I’ve been programming Haskell for several years now, and I have not yet partaken in the rite of passage: writing a monad tutorial. Well, finally I can come of age, for I am giving a monads tutorial talk to the CU ACM group next Thursday.

I’m thinking of starting with the IO monad, since that was the motivation for adding monads to Haskell in the first place. It also gives people something concrete to think about before I segue into more abstract monads. But I don’t want to use GHC’s IO monad as an example:

newtype IO a = IO (RealWorld -> (a, RealWorld))

Because it’s too “low-level”. I barely want to talk about laziness, so a construction which is just there to force evaluation order seems kind of hacky. If you don’t think of it as a construction to force evaluation order, then it is too abstract: what do you mean a function which takes the whole world as an argument? Also, it uses a function as its primary data structure, and the talk will be given to people who are still a little uncomfortable with first-class functions (it will have to introduce them at some point though, but I want to ease into it).

My current plan is to eventually get to the GADT form:

data IO a where PutChar :: Char -> IO () GetChar :: IO Char Bind :: IO a -> (a -> IO b) -> IO b Return :: a -> IO a

And then focus on Bind and Return as a segue into the idea of a monad. But yes, you heard me right, to explain an advanced feature, I’m going to use an *even more* advanced feature! That’s only because I find GADTs very intuitive; in fact, when I was first learning Haskell on the Pugs project, seeing a GADT helped me to understand normal ADTs.

But of course I must ground this GADT. Bind is a weird-looking function, how the hell did I come up with that? I want to arrive at it by necessity, so I’m going to start with a simpler ADT form. I’ll introduce purely-functional IO as a data structure, initially looking like this:

data IOTree = PutChar Char | IOTree `Then` IOTree | NoOp

And then realize that we have no way to do input. At this point I expected to have to switch to the polymorphic variant to handle input, but then this hit me:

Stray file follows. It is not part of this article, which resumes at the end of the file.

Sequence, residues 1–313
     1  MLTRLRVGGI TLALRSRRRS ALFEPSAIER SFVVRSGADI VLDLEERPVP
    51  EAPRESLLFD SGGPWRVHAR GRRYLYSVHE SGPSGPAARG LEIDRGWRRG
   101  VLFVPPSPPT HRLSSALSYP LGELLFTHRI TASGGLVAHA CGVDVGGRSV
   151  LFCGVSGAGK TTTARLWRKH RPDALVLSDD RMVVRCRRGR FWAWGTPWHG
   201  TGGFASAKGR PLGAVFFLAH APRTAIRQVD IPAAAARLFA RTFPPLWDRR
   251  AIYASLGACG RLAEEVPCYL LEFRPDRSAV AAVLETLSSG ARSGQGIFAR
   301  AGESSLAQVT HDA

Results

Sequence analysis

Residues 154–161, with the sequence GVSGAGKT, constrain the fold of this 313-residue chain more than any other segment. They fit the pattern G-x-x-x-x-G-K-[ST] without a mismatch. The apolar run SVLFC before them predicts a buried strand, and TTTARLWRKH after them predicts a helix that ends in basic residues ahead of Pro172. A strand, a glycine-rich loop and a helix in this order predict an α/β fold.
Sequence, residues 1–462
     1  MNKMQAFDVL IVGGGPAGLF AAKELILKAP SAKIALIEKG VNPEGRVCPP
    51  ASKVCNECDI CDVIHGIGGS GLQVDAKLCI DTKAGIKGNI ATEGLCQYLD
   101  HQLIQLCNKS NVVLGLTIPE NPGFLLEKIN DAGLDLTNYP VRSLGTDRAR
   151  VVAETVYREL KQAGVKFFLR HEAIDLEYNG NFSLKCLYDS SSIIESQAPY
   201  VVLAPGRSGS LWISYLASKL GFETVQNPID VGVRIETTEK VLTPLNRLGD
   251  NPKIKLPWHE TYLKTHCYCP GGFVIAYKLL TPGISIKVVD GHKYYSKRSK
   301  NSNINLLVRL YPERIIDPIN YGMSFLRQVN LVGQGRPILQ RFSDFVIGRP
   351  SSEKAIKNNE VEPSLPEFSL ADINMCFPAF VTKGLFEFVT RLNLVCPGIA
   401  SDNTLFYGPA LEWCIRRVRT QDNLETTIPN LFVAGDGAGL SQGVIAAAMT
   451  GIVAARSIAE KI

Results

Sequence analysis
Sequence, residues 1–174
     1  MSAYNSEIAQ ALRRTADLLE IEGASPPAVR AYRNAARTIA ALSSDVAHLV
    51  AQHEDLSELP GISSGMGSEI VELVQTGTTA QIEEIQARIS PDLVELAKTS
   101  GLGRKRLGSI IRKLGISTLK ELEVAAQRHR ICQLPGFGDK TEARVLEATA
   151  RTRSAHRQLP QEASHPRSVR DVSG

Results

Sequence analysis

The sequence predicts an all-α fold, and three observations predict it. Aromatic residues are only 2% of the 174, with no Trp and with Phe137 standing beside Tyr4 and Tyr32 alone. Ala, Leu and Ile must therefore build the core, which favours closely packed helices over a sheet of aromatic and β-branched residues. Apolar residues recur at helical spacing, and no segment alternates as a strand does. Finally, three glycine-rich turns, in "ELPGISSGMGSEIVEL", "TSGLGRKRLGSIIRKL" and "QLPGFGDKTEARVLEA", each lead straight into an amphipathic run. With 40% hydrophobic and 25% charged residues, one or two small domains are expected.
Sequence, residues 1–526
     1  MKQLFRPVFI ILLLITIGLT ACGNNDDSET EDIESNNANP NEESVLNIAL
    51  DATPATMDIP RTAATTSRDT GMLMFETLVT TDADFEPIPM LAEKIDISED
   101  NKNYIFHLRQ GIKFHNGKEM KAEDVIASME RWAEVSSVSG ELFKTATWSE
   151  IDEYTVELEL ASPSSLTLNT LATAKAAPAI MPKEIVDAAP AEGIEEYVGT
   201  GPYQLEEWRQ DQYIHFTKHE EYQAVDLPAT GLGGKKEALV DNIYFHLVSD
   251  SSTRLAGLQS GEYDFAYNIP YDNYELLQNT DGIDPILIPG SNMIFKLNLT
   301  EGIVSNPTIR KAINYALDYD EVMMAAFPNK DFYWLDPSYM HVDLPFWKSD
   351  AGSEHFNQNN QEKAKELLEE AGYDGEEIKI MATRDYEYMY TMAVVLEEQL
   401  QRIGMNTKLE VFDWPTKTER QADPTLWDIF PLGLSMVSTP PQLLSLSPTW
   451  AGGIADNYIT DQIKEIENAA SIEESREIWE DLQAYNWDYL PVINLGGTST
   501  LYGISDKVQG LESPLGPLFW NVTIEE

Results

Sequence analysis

data IOTree = PutChar Char | IOTree `Then` IOTree | NoOp| GetChar (Char -> IOTree)

To my surprise, with this I was capable of writing all the IO functions that I could using the polymorphic variant, but with some slightly strange-looking type signatures.

getLine :: (String -> IOTree) -> IOTree getLine f = getLine' id where getLine' s = GetChar $ \ch -> case ch of '\n' -> f (s "") _ -> getLine' (s . (ch :))

And then I saw it. That type signature looks awfully familar. If I replace the types with variables it’s completely obvious: `(a -> r) -> r`. I’m working *explicitly* in the continuation monad. Sure enough, I can build a monad out of IOTree.

newtype IO a = IO { runIO :: (a -> IOTree) -> IOTree } instance Monad IO where return x = IO ($ x) IO m >>= f = IO $ \c -> m (\a -> runIO (f a) c)

That’s a unique presentation of the IO monad that I’ve never seen before. It feels “smooth”, there are no huge leaps anywhere except for where the hell we came up with the idea of a monad. But that reason is enough for me not to want to use it. Another reason against it is that the implementation of `>>=` was not at all obvious to *me* (it took some typechecker runs), so how are FP noobs going to understand it?

So I’m still not sure how I’m going to motivate the polymorphic form. Probably something like introducing the idea of IO “holding” a value, and then we need a variable for the type of value it holds. That would also allow me to introduce Functors, which I want to do as a “monad indicator”; i.e. functors are pretty easy to intuitively spot, and there’s a decent chance that if you have a functor, you have a monad.

Stepping away from pedagogy for a moment, I find it very interesting what continuation passing style did to this example. It seems that CPS is a nice way to build up data structures “procedurally” without hand-crafting a different monad for each one. For instance, Writer can be naturally specified as:

type Writer w a = Cont w a tell :: (Monoid w) => w -> Writer w () tell w = Cont $ \c -> w `mappend` c ()

Anyway, I’d love to hear any advice anyone has about presenting the IO monad, or monads in general. The focus is not so much “so you’re trying to learn Haskell but are perpexed by monads, here’s how to understand them”, but more “you’ve barely heard of Haskell, here’s why monads are awesome”. I plan to talk about IO, List, Suspend^{[1]}, and close with STM (where Haskell rocks everyone else’s world).

^{[1]}The Suspend monad is what Fregl‘s Event monad is built on. It’s a type of coroutine which only consumes values:

data Suspend v a = Return a | Suspend (v -> Suspend v a)